In 1798, philosopher Thomas Malthus claimed that England's population (at that time, around 10 million) would soon outstrip its food resources. There'd be so many people that the food-producing farms would not be able to cope, and we'd starve.
Over 200 years later, while population pressures are still very much a relevant concern, Malthus's England has an absurd abundance of food. Despite having a population of over 66 million - more than six times the population levels which concerned Malthus - obesity is far more of a problem than starvation.
Malthus's mistake was to not account for the pace of change when totting up his figures. While the farms of Malthus's day certainly could not have fed over 66 million people, England is no longer reliant on farms like those which existed in Malthus's day.
Instead, as our population grew, so our technology changed to support it. Farming intensified. New methods of production were developed. Steam powered ploughs opened up the land's possibilities. Seed drills quite literally brought crops into line. Threshing machines cut out hours and hours of manual labour. New pump designs allowed land to be drained, reclaimed, and turned into pasture. After the wars, tractors, combine harvesters, pesticides, industrial fertilisers, and all the rest came into play.
In turn, Britain's agricultural revolutions fed her industrial revolutions. The decreasing need for farm labourers sent many people to urban centres, seeking work - which led to flourishing cities. Fed by the newly intensified farms, people were free to lend their labour to new industries, which allowed for industrial and technological growth at an unprecedented rate.
Now, a new agricultural revolution may be upon us. Agricultural automation becomes more impressive by the day, and it may not be long before the automation of agricultural processes becomes widespread.
Some people have concerns about this. In the past, before we properly understood just how delicate and easily lost ecological balance was, the mechanisation of farming has led to some absolutely dire environmental problems. But there's no need to assume that history would repeat itself with agricultural automation.
If we put stringent ecological protocols and failsafes in place, automated farms could actually become more environmentally friendly than our current models. After all, a robot programmed not to harm the environment isn't going to cut ecological corners when it's had a bad day. It isn't going to encroach upon set-aside land, let agricultural chemicals seep into rivers, shoot protected species, or find loopholes in environmental legislation. Nor is it going to get grumpy about public access points to the countryside, like footpaths. It hasn't any vested interest in doing so.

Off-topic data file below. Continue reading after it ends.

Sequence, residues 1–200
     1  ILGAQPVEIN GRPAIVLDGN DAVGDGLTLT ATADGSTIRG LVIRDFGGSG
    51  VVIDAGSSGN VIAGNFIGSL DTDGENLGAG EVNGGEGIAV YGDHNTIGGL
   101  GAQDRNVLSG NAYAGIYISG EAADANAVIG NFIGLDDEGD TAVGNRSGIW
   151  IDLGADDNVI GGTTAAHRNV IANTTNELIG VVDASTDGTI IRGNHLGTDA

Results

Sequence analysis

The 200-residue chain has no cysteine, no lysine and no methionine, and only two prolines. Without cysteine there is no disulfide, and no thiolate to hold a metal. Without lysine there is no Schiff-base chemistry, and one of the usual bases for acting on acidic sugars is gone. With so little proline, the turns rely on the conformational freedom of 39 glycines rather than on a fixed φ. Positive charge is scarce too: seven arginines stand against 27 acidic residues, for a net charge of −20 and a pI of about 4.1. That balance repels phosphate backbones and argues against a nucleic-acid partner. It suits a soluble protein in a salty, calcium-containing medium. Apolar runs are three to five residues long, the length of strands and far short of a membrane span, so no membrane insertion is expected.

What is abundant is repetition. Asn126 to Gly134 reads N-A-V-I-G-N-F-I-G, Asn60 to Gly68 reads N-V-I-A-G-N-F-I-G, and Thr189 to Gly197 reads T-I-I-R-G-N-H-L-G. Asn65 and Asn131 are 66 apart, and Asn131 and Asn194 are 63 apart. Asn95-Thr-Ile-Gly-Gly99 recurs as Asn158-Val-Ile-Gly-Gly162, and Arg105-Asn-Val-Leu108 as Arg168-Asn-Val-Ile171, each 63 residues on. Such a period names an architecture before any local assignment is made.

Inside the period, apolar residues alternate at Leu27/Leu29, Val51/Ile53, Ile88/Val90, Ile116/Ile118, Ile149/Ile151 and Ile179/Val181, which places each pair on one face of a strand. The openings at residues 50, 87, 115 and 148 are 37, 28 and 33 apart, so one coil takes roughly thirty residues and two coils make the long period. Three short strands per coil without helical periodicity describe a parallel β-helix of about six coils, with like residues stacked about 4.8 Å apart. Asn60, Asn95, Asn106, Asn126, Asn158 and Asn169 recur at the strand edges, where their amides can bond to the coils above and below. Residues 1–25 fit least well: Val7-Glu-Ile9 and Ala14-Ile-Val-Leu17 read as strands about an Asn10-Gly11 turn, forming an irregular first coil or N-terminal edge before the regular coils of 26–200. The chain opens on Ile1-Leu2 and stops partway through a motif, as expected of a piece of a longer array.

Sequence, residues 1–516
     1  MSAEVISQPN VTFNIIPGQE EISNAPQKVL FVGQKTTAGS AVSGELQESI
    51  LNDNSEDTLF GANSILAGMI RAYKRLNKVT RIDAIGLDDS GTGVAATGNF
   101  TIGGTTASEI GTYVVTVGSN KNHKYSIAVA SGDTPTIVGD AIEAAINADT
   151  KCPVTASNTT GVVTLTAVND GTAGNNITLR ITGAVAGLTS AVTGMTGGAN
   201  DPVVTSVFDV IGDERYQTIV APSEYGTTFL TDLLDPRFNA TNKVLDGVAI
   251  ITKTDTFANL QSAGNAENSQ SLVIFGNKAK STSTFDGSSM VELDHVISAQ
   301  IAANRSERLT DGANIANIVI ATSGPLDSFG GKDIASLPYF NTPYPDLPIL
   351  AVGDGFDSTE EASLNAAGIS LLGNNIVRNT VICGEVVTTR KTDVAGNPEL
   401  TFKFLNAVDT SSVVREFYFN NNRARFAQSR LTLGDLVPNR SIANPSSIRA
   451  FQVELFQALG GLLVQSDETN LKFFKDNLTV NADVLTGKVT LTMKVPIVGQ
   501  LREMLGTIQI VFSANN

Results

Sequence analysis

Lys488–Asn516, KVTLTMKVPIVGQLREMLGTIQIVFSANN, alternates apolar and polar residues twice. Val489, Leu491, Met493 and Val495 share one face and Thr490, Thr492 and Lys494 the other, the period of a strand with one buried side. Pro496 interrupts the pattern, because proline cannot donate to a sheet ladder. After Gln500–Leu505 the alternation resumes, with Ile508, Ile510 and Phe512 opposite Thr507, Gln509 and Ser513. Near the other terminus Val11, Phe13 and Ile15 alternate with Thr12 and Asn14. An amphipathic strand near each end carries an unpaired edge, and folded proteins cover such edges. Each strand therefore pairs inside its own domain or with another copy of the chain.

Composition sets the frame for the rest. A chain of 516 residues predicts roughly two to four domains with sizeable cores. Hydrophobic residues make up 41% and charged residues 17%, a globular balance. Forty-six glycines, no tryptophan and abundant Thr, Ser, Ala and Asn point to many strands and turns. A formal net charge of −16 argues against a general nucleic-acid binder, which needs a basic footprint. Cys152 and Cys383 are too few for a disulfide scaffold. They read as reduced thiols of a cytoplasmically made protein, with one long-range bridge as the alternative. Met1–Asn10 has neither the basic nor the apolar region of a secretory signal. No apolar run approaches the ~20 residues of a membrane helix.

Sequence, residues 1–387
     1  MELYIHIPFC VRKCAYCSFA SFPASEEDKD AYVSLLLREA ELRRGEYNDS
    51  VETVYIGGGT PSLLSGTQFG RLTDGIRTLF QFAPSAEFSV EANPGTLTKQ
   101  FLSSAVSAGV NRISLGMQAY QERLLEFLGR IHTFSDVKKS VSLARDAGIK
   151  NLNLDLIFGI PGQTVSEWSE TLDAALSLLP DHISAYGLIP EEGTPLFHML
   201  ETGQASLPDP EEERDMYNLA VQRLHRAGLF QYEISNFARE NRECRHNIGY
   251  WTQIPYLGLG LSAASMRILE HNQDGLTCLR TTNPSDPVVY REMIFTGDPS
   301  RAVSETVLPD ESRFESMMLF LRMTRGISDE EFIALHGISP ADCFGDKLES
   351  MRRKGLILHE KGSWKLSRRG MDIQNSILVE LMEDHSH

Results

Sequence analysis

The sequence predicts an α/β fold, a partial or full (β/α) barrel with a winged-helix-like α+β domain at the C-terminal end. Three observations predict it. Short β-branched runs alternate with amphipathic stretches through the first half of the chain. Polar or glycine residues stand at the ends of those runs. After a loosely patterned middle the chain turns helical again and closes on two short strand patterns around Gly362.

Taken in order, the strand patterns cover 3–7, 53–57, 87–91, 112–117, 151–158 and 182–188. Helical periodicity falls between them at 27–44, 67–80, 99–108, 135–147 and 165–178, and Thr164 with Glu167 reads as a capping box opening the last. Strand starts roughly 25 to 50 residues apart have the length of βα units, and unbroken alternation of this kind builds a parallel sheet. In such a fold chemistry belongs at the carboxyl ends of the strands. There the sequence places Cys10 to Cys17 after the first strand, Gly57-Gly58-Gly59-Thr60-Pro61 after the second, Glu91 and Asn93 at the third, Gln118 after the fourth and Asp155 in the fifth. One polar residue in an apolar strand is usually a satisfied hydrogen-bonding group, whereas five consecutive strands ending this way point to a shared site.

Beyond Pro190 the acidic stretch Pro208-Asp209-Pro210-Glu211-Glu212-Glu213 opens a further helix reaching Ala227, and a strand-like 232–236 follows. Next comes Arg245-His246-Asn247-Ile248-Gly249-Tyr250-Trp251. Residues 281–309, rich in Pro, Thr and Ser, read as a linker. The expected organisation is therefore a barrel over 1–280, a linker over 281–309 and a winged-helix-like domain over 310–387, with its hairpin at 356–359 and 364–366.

This isn't to say that there are no ethical concerns. Can we trust agricultural leaders and politicians to ensure that environmental considerations are at the fore as automation comes in? And, pressingly, what about the experience of livestock on an automated farm? Can a non-empathetic robot really be trusted to handle animals with the gentle care that they need? Can they act and react appropriately when animals are stressed, or hurt, or otherwise upset? And - the central question of automation - what about displaced human workers?
Automated dairy farms are often held up as both salutary example and dire warning of what's possible with agricultural automation. Cattle on these farms can be fed by a robotic arm, which swivels on tracks around the shed ceiling, plucking bales of feed and placing them delicately under the noses of the cattle. When the cattle want to be milked - something they decide independently - they make their way to an automated milking machine. These machines are capable of an astonishing array of feats. They can not only guide cups to the udders and milk the cow, they can also map her body using lasers, record her weight, her muscle tone, how much she has eaten, and how much milk she has produced. As for clear up, robots can do that, too.
The technology is clever, and the cows - well-fed, and never burdened with bursting udders - seem content. But, on the other hand, these are clearly industrial operations, taking place under the roofs of enormous cattle sheds. The cattle are not out in the pastures, eating grass, and they never see the skies. Does this matter? Some say 'yes', some say 'no', and others say 'perhaps, but it's a price worth paying to feed the world'. There are no easy answers to these kinds of questions. And it's worth noting that more 'traditional' farming methods, however rosily we may regard them in comparison to sheds full of robots, rarely bear up under the intense scrutiny of animal rights campaigns.
And what about the farm employees who would otherwise be doing these jobs? Well, that's an interesting one.
British farming is in the midst of a crisis - one facet of which is a labour famine. The decreasing number of people who work in agriculture must labour for intensely long hours, breaking their backs in the service of punishingly small returns. For most British farmers, operations on the scales of the automated farms would be far beyond reach - the workload would be too much, and (even if farmers could afford to take on an army of employees, which they cannot), the hired help simply does not exist. With Brexit, the EU workers many farmers currently rely upon will no longer be available, and there is a serious dearth of farm-trained labourers seeking work in rural Britain.
So there is an argument to be made that robots will not be taking anybody's job - they'll be stepping into empty shoes. Far from putting agricultural laborours out of a job, automation could save British farming from (among other things) a chronic lack of labour.